Adiposity Rebound and the Development of Metabolic Syndrome

PEDIATRICS (Impact Factor: 5.47). 12/2013; 133(1). DOI: 10.1542/peds.2013-0966
Source: PubMed


The age of adiposity rebound (AR) is defined as the time at which BMI starts to rise after infancy and is thought to be a marker of later obesity. To determine whether this age is related to future occurrence of metabolic syndrome, we investigated the relationship of the timing of AR with metabolic consequences at 12 years of age.

A total of 271 children (147 boys and 124 girls) born in 1995 and 1996 were enrolled in the study. Serial measurements of BMI were conducted at the ages of 4 and 8 months and 1, 1.5, 2, 3, 4, 5, 6, 7, 8, 9, 10, 11, and 12 years, based on which age of AR was calculated. Plasma lipids and blood pressure were measured at 12 years of age.

An earlier AR (<4 years of age) was associated with a higher BMI (≥ 20) and a lipoprotein phenotype representative of insulin resistance. This phenotype consists of elevated triglycerides, apolipoprotein B, and atherogenic index and decreased high-density lipoprotein cholesterol in boys and elevated apolipoprotein B in girls at 12 years of age. The earlier AR was also related to elevated blood pressure in boys.

This longitudinal population-based study indicates that children who exhibit AR at a younger age are predisposed to future development of metabolic syndrome. Therefore, monitoring of AR may be an effective method for the early identification of children at risk for metabolic syndrome.

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  • The Journal of pediatrics 03/2014; 164(6). DOI:10.1016/j.jpeds.2014.02.050 · 3.79 Impact Factor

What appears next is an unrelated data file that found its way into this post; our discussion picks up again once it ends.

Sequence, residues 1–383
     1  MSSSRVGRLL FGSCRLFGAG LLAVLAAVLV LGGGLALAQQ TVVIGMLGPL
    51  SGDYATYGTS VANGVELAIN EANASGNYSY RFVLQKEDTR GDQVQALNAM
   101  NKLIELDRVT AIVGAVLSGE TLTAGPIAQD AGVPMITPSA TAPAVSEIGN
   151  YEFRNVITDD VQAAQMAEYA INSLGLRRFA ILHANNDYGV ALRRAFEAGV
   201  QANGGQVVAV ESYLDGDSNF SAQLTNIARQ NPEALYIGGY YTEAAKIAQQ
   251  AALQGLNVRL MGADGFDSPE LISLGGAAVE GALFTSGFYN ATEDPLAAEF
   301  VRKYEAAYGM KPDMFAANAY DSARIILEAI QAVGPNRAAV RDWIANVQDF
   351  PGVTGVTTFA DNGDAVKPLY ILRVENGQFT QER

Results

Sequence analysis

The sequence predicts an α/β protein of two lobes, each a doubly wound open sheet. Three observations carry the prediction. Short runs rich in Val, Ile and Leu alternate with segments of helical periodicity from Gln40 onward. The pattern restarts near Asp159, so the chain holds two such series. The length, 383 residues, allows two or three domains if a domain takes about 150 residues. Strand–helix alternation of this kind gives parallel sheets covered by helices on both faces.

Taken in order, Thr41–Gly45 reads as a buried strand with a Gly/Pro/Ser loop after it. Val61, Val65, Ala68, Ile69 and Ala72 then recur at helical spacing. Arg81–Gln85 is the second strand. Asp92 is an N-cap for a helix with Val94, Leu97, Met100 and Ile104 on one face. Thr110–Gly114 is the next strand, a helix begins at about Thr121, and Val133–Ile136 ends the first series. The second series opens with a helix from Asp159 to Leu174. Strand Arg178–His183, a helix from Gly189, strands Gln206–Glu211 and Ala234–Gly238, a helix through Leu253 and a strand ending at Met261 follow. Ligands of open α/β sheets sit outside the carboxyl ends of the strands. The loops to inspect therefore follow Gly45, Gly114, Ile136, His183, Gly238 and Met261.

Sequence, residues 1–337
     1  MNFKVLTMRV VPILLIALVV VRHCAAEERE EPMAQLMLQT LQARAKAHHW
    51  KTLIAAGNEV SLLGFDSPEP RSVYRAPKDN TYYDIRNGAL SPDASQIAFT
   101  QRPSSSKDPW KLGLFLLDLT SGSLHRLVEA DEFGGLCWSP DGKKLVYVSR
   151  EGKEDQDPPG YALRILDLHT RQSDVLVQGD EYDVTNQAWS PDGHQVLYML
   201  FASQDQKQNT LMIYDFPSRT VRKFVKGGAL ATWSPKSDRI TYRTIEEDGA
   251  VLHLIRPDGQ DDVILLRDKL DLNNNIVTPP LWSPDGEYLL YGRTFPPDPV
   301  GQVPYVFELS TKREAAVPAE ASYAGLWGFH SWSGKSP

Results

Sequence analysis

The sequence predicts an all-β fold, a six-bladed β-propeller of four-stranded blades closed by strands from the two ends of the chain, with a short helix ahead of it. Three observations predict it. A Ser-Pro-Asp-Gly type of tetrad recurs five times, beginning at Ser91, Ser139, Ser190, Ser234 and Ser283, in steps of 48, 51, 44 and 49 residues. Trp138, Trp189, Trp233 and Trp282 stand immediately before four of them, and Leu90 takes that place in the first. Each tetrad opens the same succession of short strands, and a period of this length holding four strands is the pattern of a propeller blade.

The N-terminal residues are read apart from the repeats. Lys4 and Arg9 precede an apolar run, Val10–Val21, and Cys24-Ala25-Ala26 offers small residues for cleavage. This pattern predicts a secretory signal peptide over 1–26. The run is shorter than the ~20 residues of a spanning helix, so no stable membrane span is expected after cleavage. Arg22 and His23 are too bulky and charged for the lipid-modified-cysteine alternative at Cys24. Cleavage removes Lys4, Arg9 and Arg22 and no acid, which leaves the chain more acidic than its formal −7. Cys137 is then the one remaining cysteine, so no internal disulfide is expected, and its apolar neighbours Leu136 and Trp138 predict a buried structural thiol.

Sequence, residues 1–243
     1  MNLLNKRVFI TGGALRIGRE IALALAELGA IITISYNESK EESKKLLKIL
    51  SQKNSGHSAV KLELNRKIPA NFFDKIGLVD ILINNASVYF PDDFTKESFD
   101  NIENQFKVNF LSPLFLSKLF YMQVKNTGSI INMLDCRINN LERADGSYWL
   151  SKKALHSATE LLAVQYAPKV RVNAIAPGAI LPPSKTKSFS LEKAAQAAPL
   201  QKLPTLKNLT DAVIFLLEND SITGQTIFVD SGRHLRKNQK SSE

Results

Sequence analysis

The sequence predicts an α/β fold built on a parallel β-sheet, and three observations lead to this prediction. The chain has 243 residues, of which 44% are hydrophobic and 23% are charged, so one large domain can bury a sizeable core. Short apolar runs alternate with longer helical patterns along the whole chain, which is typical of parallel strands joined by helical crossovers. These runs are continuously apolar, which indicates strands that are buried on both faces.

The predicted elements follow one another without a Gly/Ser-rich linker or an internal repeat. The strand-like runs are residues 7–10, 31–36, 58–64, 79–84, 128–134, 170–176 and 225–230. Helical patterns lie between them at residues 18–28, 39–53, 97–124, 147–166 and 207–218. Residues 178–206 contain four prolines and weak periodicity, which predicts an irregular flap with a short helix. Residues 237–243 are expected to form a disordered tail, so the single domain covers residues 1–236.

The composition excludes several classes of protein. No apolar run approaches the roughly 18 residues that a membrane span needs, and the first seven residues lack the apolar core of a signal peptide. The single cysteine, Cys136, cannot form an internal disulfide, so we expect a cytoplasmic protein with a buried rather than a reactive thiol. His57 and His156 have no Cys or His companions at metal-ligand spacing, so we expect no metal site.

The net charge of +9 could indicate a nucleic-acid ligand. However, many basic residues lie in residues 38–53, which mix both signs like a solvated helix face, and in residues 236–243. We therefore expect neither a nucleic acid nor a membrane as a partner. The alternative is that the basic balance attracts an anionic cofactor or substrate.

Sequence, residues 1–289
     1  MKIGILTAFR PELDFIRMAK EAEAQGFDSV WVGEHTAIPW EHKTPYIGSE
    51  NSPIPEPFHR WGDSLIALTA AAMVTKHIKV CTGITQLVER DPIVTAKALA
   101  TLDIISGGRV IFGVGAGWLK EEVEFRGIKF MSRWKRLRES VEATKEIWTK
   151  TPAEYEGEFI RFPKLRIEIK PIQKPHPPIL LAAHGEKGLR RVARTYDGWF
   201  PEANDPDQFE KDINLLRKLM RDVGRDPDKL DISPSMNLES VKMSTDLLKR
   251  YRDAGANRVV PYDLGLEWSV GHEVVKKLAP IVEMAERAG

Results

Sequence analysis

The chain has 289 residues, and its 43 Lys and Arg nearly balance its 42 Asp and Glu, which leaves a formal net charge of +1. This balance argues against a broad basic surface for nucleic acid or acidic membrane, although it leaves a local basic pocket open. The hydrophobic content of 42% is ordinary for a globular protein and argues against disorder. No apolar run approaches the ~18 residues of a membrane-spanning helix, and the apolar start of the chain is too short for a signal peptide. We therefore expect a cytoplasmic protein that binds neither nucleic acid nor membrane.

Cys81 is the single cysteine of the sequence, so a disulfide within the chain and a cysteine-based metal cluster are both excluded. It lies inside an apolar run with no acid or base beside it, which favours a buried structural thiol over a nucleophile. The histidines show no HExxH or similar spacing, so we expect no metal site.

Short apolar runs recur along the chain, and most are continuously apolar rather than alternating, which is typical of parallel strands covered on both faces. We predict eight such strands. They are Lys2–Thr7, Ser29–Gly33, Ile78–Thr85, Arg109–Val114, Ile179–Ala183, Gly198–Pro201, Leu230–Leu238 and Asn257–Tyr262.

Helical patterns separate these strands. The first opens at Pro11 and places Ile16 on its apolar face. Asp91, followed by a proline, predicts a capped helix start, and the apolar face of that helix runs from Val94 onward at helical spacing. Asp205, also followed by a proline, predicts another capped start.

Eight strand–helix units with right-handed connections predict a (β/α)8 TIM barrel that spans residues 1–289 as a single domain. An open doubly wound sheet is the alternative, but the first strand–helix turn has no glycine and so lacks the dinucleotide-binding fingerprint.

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    The Journal of pediatrics 03/2014; DOI:10.1016/j.jpeds.2014.02.052 · 3.79 Impact Factor
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    ABSTRACT: Objectives: To investigate associations between timing of adiposity rebound (AR; the period in childhood where BMI begins to increase from its nadir) and adiposity (BMI, fat mass) at age 15 years in the Avon Longitudinal Study of Parents and Children (ALSPAC). Methods: The sample consisted of 546 children with AR derived in childhood and BMI and fat mass index (FMI; fat mass measured by dual-energy radiograph absorptiometry/height in m(2)) measured at 15 years. Multivariable linear regression models were based on standardized residuals of log BMI and log FMI to allow comparison of regression coefficients across outcomes. Results: There were strong dose-response associations between timing of AR and both adiposity outcomes at 15 years independent of confounders. BMI was markedly higher in adolescence for those with very early AR (by 3.5 years; β = 0.70; 95% confidence interval [CI]: 0.33-1.07; P ≤ .001) and was also higher for those with early AR (between 3.5 and 5 years; β = 0.34; 95% CI: 0.08-0.59; P = .009) compared with those with later AR (>5 years) after full adjustment for a range of potential confounders. Similar magnitudes of association were found for FMI after full adjustment for confounders (compared with later AR: very early AR β = 0.74; 95% CI: 0.34-1.15; P ≤ .001; early AR β = 0.35; 95% CI: 0.07-0.63; P = .02). Conclusions: Early AR is strongly associated with increased BMI and FMI in adolescence. Preventive interventions should consider targeting modifiable factors in early childhood to delay timing of AR.
    Pediatrics 10/2014; 134(5). DOI:10.1542/peds.2014-1908 · 5.47 Impact Factor
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